Women and Girls: Autism’s Lost Tribe

There is an oft-repeated statistic concerning the ratio of boys to girls with autism: That ratio is 4-to-1 in favor of having boys. I happen to think that particular statistic is not true. Many women with autism are diagnosed later in life, often in adulthood, and many after learning of the autism in their children. So, why are we being diagnosed so late, and so few in between? I believe that since the industry is male-dominated, there is bias towards males in the theories, diagnosis and treatment in relation to autism itself. For those reasons, girls and women with autism often become a lost tribe in diagnosis and treatment.

I was one of the lucky ones, to receive a diagnosis in childhood. I was told to be “a little autistic, a little aphasic…” And by sheer luck, fate, or as we put it, the Grace of God, my mother was able to diagnose autism in me. Here is how my mother puts it:

The first time I heard “autism” was up in Fresno. They said to me “you don’t want to give the diagnosis of autism.” I said “without the label, how was she supposed to receive help?” I fought with the label until she was in fifth grade. I had to go to fair hearing to get your diagnosis accepted – and they still did not acceptance….the label of autism was worse than death. There was no hope until I met B.J. Freeman at UCLA, to get your true diagnosis.

A little background on her statements: We lived in Fresno, California when I was six. I was eight when my mother met B.J. Freeman. I was ten in the fifth grade, held back for a year for “social growth.” The only teacher to take my mother seriously was my RSVP teacher my senior year, and only after an embarrassing incident involving my backpack, but that’s another story.

I still consider myself one of the lucky ones, since I received my diagnosis before adulthood. Most women begin their autism journeys with self-diagnosis. There are harmful biases towards males in the theories, diagnosis and treatment in relation to autism in women. We become a lost tribe.

The biases in diagnosis are the most subtle, because more attention goes to the boys due to the more aggressive “masculine” behavior preferred on boys…but not too much. Let me explain: in this culture, boys are believed to be more aggressive, more assertive, and allowed to be more belligerent in their behavior. However, there is a cliché about “proper” behavior: “Children should be seen and not heard.” So, when boys are given leeway to be belligerent, the autistic ones are more likely to be disruptive. I observed an autistic boy in kindergarten. He was accepted to be what I never really was allowed to be – loud. Girls, however, and supposed to be “sugar and spice and everything nice.” We are taught that quietness, passiveness, and going along to get along are virtues. Quietness is rewarded. The autistic quietness and passiveness are rewarded. We mimic behaviors of neurotypicals, too. Simply put, girls are rewarded for being introverted, a stereotype of being autistic. Since “children should be seen and not heard,” the boy attacking another is going to get more attention than the girl sitting quietly and staring into space.

The theories of autism are even more male-biased. Autism has been described, even by an article in Time Magazine, as an “extreme male brain.” Now, this “extreme male brain” theory is due to less empathy, better performance at analysis, and more masculine interests. However, theories must be taken with a grain of salt. They must be analyzed in the current 4-to-1 boy-to-girl ratio of medical diagnosis. Since more boys are diagnosed than girls, the data will obviously skew in favor of the boys. More research into autistic females is needed.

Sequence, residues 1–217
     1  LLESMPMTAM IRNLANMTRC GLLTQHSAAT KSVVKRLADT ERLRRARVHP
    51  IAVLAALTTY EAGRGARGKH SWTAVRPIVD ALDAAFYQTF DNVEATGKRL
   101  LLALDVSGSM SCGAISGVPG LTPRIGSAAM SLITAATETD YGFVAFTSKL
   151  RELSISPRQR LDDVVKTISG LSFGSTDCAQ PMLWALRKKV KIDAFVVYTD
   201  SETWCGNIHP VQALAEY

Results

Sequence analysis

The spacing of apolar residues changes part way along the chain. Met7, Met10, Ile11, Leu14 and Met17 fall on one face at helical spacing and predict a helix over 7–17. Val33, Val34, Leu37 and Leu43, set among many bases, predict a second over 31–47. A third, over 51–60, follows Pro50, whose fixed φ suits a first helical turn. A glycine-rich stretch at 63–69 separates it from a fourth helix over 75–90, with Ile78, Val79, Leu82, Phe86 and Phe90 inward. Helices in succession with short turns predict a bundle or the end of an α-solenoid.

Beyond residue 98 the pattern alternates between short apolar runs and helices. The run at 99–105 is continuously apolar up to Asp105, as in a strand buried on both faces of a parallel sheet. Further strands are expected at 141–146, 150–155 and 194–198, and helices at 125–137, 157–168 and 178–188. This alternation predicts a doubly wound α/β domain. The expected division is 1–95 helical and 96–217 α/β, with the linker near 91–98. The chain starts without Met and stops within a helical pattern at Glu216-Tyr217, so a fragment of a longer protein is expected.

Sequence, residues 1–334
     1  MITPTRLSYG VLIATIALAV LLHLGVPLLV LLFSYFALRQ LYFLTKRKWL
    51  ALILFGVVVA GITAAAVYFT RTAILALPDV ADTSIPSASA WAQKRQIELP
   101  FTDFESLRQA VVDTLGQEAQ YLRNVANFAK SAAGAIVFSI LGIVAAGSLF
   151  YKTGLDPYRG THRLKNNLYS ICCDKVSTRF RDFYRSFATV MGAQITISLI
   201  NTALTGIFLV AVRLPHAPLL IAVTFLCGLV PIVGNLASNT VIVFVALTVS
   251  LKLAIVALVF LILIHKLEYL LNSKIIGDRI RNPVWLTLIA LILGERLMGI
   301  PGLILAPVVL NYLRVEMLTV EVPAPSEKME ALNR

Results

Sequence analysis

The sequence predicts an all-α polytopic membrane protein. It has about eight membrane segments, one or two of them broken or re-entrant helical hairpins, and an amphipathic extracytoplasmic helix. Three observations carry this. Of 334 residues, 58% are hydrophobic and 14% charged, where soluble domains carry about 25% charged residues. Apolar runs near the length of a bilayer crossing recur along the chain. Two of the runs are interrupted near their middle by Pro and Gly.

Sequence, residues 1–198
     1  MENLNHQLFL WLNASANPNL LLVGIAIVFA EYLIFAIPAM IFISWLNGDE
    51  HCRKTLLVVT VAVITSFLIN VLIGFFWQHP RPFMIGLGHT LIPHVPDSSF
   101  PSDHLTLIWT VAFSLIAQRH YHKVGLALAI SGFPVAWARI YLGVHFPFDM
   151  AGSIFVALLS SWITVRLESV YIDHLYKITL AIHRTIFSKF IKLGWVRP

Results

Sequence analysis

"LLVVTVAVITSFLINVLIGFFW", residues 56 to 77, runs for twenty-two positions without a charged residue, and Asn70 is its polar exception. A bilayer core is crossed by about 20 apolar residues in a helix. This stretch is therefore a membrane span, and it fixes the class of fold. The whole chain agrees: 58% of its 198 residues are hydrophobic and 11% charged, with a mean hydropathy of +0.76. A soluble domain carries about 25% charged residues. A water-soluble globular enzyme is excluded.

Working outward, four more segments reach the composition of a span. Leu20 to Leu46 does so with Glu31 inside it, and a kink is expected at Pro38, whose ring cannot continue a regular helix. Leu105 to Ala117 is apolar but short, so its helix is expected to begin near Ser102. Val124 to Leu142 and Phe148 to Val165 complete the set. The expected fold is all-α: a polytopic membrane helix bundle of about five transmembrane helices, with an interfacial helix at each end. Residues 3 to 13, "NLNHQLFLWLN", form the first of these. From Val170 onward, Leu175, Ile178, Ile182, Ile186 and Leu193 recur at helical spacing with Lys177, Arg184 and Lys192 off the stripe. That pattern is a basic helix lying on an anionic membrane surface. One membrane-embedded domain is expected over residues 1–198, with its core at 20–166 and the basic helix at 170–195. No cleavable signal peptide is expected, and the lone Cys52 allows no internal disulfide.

So, in light of biased diagnosis and theory, the treatment is going to come more easily to boys and men, than it is to girls and women. We are finding more and more girls diagnosed in adulthood than boys. The trouble with that is, later diagnosis leads to limited success. The results are clear: Girls and women with autism are more likely to be severely limited in romantic relationships, while boys and men are more likely to find romance and marriage. Even I myself, at age 38 as of this article, am living alone with my mother. My computer is my primary source of interaction with the world. I am also extremely resentful towards most of the Tustin Unified School District of Tustin, CA, for not taking my autism seriously. Due to my troubles in socializing, it took an apology from a former schoolmate to even begin accepting Facebook friend requests from my former schoolmates-and that was only after I explained some of my behaviors. (Check out “Facebook and the Mellaril Nightmare” for background on that.) Also, so many of us, myself included, have Post-Traumatic Stress Disorder for being raped, abused and manipulated by neurotypicals we should not have trusted. (Fortunately, only abuse is in my history, not rape. Again, lucky.)

I hope I can call for more research into the signs and symptoms of autism as shown in females, because we need it. I may have to donate my body to scientific research in order to contribute further, because I don’t think enough is being done to recognize and treat autistic girls and women. We are falling far behind our male counterparts, and I don’t think it’s really our fault.

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